The new insight has allowed conservationists to reliably identify individual animals based on camera traps, the first step in preventing widespread poaching, according to new research.
"Understanding how leopards are faring in an increasingly human-dominated world is vital," lead author Laurie Hedges, a zoology graduate at the University of Nottingham in England, said in a statement.
"This black coat may have made them 'perfect stalkers' in our dimly lit Malaysian jungle and this advantage may have helped them compete with tigers for similar-sized prey," said study co-author Gopalasamy Reuben Clements, the co-founder of the Malaysian jungle conservation organization Rimba.
Alternatively, the Malay leopards may be black through random chance.
Despite a cornucopia of prey species for the big cats, few have been spotted on the peninsula.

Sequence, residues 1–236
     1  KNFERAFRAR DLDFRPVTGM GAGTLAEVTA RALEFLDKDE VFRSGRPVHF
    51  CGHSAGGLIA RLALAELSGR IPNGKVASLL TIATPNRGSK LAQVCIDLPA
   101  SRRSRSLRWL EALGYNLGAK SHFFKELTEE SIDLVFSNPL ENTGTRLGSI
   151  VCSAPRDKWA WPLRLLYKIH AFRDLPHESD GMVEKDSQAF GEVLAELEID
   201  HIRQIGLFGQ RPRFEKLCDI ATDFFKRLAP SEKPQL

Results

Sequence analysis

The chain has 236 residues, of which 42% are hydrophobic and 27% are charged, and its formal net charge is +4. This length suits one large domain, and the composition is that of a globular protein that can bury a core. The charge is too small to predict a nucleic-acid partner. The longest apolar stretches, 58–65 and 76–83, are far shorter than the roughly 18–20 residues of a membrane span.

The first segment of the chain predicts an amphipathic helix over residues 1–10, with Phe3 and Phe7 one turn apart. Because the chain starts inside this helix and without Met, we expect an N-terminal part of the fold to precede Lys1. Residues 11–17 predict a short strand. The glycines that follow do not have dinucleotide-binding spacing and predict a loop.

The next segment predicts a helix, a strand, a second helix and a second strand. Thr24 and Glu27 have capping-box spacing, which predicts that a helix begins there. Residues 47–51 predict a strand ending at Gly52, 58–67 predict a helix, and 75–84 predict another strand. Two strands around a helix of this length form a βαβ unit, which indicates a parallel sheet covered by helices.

But a 2010 study in the Journal of Zoology study found that almost all Malay leopards have the gene for melanism, or black coats.
Scientists don't know exactly why, though some suspect the black cats evolved their shadowy coats to better camouflage themselves while hunting in the dense jungles of the island nation.
A leopard really can't change its spots — it can only conceal them.
The black leopards of the Malaysian Peninsula may look like they have uniform dark coats, but hidden cameras with infrared light have revealed a surprise: The black cats sport the characteristic leopard spots within their dark-hued coats.
Some have even hypothesized that the Mount Toba super-eruption about 74,000 years ago wiped out all but a few of the leopards, and those leopards that survived happened to be black, Hedges told
Either way, the vast majority of Malay Peninsula leopards sport dark coats, which has made counting the leopards, and in turn conserving them, surprisingly tricky.